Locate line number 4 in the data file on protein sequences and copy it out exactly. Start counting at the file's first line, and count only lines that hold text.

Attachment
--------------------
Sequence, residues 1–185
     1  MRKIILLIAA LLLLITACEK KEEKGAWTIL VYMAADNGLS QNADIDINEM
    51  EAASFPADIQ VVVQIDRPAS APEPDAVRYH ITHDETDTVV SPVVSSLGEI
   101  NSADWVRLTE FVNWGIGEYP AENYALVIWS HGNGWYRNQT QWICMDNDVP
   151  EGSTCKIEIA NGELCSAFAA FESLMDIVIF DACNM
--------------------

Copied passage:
   101  NSADWVRLTE FVNWGIGEYP AENYALVIWS HGNGWYRNQT QWICMDNDVP